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Re: The Affero license

Scripsit David Turner <novalis@novalis.org>

> > Since it's viral, it means you can't take some nifty url parsing function
> > from your favourite webapp, and use it in, say, xchat or an IRC bot
> > (depending on how you want to interpret "interact with users"), without
> > having to give xchat some method of exporting its source code via HTTP
> > (or maybe DCC, or similar). 

> You could simply copy the (2)(d) code from the webapp at the same time
> you copy the URL parsing code.

No, you'd have to make sure that the (2)(d) code is *functional*
(otherwise the implication would be that (2)(d) allows keeping the
code in the application and just removing the call to it), which means
that you'd have to extend your IRC bot with a way to listen on some
port for HTTP connections, etcetera.

I may not even trust the safety of the quine code - in some
environments it would be quite reasonable for me to have an internal
policy saying that all code that listens for incoming TCP connections
must be reviewed for buffer overflows and other problems by N
independent programmers that I trust personally. This may mean that I
have to audit an awful lot more code than the one I actually wanted to

Another problem: web applications are commonly written in a
heterogenous mix of languages. What if the quine functionality was
written in a language that I don't have the means to execute - as
opposed to the code snippet that I'd like to reuse?

> It would be no more of a DOS than allowing someone to simply repeatedly
> reload the web page...

So. What if I want to modify the program such that there is no webpage
to reload, save for the invariant-section quine code?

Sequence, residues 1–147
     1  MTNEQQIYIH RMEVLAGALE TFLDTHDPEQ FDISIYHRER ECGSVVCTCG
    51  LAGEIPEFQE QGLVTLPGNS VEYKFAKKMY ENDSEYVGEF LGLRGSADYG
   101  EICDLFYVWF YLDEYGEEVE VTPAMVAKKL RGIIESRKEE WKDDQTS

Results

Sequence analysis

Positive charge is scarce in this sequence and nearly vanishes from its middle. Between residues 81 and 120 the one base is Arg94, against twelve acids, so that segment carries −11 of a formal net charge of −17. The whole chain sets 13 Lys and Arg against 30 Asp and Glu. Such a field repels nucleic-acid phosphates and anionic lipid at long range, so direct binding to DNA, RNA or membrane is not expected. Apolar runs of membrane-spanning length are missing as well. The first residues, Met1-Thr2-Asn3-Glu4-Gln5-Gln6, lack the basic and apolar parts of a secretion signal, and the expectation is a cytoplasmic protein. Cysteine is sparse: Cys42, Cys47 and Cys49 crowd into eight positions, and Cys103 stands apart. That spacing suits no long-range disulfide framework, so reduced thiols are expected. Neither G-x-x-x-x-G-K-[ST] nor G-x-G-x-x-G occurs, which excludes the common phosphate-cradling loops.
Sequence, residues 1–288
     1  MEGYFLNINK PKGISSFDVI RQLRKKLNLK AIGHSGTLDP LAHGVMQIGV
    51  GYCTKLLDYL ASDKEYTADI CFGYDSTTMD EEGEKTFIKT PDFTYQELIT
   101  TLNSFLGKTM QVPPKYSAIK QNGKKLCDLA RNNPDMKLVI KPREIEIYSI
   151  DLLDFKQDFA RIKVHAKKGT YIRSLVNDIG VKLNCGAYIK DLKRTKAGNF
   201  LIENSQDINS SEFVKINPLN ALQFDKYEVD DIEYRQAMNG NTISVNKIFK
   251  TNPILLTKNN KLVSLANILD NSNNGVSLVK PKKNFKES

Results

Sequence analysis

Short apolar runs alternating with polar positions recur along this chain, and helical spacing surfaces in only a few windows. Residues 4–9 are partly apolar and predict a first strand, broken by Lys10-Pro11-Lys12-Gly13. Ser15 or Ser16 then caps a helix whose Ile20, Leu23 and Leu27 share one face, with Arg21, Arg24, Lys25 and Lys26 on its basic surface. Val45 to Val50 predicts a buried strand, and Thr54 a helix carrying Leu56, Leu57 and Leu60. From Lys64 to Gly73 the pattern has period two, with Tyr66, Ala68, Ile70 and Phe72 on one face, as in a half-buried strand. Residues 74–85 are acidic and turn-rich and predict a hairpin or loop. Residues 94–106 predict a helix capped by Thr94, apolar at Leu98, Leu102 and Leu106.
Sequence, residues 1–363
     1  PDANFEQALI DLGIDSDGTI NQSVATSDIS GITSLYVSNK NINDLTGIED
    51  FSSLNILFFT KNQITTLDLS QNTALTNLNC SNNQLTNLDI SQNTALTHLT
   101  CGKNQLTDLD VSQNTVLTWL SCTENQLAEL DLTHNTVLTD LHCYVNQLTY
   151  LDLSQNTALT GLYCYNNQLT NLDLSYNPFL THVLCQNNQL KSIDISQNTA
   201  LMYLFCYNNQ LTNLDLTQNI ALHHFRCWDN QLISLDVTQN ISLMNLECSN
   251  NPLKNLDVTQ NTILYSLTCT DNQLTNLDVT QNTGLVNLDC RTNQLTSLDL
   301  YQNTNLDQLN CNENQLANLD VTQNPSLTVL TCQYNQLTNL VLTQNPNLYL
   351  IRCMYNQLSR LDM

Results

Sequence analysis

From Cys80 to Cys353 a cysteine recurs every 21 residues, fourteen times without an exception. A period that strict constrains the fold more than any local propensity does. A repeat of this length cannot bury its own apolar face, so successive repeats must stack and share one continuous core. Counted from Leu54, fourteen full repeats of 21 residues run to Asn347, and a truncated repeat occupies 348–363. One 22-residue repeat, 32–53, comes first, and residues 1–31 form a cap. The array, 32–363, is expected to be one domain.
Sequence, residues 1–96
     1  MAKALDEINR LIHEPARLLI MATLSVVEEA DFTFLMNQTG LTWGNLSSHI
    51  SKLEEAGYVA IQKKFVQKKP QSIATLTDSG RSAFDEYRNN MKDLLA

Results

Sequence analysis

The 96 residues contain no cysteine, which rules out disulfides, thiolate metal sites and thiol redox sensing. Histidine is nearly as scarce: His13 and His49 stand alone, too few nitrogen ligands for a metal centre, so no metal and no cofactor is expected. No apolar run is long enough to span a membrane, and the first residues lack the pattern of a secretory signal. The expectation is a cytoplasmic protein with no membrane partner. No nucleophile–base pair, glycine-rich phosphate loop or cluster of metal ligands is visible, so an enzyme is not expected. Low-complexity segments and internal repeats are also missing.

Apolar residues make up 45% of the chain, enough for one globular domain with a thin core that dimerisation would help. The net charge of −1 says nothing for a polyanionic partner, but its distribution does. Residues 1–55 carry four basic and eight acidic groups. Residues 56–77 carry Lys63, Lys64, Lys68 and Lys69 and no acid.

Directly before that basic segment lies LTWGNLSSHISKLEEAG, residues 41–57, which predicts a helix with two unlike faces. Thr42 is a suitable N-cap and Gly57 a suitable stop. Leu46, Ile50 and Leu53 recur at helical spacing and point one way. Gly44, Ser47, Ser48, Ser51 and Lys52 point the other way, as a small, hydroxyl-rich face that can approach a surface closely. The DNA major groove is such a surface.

> > under it, you'd be required to make the source code to the entire
> > system available as soon as you give anyone else an ssh account.

> ... but only to the person you gave the account to

Where does the 2(d) language say that? If the existing 2(d) code did
not do a password-protection check before serving the source to anyone
sending the right HTTP request, it would be hard to interpret 2(d) so
as to allow *inserting* a password check in the code. (If I were
allowed to insert password checks at will, the purpose of 2(d) itself
would evaporate).

> As I understand Debian's position, Free Software isn't about
> commodotizing technology, but about allowing users the freedom to alter
> and share the software they use.

Well, that's more the FSF's position. Debian's is traditionally more
pragmatic. However, even if we go with your interpretation, the 2(d)
clause is invading my right to alter the software I use.

> But nobody argued when Brandon proposed that the FSF's Four Freedoms
> be the "constitution" of license interpretation,

... becasue the Four Freedoms - apart from what philosophical value
people may see in them per se - *also* works well as a practical
program for commodotizing technology. Lose any of the four freedoms,
and the technology gets less commoditized.

Henning Makholm                                   "Det nytter ikke at flygte
                                                       der er henna overalt"

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